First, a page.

Get yourself and your immediate family members some rain and foul weather gear.  A rain hat, poncho, some skid-resistant/waterproof boots are a good start.  You don't want to be traipsing out in the dark of night some during a thunderstorm to cut off the power to your house in flip-flops and short shorts!  If you had to evacuate temporarily, you want to have clothing and footwear that will make the job easier.  Again, you'll need to look at your own health and where you live to determine what will work best for you.  If you deal with harsh winters, then you'll need to have a good warm coat, gloves, a winter scarf, snow pants (especially if you live in areas that get deep snows) and winter boots with good tread to travel in.  If the power goes out in the dead of winter and you had to travel to a relatives house thirty minutes away in order to stay safe and warm, could you do it?  Think about the possible adventures and outcomes here, especially based on your past experience.  I'm not telling you to worry about every little problem that could ever arise, just to be realistically prepared.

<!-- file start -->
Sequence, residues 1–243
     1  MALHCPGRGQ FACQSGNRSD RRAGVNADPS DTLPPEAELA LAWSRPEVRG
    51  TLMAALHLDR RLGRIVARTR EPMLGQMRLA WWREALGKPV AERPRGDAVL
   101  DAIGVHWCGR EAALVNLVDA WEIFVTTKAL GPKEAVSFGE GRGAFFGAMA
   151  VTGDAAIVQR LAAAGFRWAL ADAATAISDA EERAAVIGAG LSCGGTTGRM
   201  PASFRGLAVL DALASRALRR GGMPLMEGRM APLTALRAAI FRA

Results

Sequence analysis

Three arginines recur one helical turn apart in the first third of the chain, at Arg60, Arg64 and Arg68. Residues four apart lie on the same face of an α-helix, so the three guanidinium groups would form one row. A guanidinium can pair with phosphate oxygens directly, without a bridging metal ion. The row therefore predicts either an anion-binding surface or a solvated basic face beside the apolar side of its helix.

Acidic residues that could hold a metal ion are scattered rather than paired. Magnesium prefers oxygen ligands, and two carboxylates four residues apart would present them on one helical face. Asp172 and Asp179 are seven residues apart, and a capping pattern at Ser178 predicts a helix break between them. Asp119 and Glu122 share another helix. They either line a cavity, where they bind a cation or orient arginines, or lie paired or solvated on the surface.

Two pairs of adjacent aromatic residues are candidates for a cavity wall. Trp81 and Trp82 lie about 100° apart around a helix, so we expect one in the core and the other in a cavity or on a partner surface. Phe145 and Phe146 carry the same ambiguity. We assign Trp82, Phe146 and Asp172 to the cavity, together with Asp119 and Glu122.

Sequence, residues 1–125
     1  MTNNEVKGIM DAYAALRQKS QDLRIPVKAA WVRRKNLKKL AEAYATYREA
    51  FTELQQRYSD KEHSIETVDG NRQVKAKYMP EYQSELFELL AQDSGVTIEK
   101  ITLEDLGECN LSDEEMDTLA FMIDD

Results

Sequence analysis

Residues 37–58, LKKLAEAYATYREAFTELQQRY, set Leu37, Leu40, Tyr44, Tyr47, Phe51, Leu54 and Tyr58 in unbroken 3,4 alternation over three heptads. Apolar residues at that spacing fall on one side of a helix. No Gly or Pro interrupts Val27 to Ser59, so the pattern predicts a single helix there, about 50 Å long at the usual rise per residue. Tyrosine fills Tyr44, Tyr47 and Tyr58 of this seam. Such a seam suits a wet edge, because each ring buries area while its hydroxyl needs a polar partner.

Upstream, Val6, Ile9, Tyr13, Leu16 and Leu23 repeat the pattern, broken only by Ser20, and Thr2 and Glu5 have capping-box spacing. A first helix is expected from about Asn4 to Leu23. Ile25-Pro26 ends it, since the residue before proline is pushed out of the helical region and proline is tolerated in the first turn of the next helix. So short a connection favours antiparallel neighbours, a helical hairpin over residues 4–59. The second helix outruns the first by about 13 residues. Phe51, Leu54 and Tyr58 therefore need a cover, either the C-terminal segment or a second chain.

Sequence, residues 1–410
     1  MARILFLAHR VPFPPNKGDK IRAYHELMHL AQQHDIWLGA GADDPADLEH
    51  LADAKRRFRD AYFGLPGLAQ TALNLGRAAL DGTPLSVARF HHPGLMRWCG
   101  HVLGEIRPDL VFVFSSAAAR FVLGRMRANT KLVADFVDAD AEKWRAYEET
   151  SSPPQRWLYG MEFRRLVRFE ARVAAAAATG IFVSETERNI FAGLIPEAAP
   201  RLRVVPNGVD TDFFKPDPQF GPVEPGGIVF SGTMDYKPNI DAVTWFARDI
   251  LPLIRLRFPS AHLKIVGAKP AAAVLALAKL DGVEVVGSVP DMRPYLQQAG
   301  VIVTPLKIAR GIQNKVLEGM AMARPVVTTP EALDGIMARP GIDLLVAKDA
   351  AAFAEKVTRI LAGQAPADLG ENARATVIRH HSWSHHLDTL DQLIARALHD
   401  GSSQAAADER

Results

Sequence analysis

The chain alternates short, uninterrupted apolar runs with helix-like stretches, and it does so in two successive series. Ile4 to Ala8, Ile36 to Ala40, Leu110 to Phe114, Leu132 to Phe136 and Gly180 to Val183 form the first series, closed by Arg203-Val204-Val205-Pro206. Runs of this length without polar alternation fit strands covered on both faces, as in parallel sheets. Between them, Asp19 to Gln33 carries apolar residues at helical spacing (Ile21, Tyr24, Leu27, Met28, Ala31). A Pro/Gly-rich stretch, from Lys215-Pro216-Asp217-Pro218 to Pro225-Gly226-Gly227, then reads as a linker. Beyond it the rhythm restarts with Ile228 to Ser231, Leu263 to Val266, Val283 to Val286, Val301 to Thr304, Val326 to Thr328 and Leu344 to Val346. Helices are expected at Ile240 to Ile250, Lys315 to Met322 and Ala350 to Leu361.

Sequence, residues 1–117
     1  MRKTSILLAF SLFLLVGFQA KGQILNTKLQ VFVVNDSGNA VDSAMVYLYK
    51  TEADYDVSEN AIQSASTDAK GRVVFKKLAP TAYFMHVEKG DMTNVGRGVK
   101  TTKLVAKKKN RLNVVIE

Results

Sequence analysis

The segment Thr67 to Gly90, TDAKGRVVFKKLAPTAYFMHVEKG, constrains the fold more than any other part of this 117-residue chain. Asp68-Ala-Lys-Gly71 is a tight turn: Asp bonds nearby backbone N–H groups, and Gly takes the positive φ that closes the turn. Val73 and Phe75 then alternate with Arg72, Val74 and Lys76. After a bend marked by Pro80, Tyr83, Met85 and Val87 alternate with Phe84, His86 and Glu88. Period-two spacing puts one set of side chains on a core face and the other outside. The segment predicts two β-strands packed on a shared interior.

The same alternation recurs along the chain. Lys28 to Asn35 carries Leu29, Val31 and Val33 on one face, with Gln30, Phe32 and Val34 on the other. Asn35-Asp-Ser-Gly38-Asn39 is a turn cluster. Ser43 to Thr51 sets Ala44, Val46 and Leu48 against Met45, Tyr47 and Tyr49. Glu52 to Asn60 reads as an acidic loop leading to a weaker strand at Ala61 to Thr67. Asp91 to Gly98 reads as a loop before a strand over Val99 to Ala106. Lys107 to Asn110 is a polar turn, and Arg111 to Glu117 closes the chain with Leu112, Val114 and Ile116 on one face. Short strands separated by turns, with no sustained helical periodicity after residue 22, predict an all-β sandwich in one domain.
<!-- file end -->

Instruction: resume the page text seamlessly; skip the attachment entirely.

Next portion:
For this reason, I recommend that you have an overnight bag packed for yourself and any immediate family members at all times.  This comes in handy not just for weather-related disasters, but in the event that one of you gets sick and has to stay overnight in the hospital.  This isn't a bug-out bag, which is meant for an entirely different purpose.  This is just a bag with the essentials that you'd need for a one- to three-day stay somewhere outside of your home.  Please consult my previous blog on packing an overnight bag if you need some direction in this area.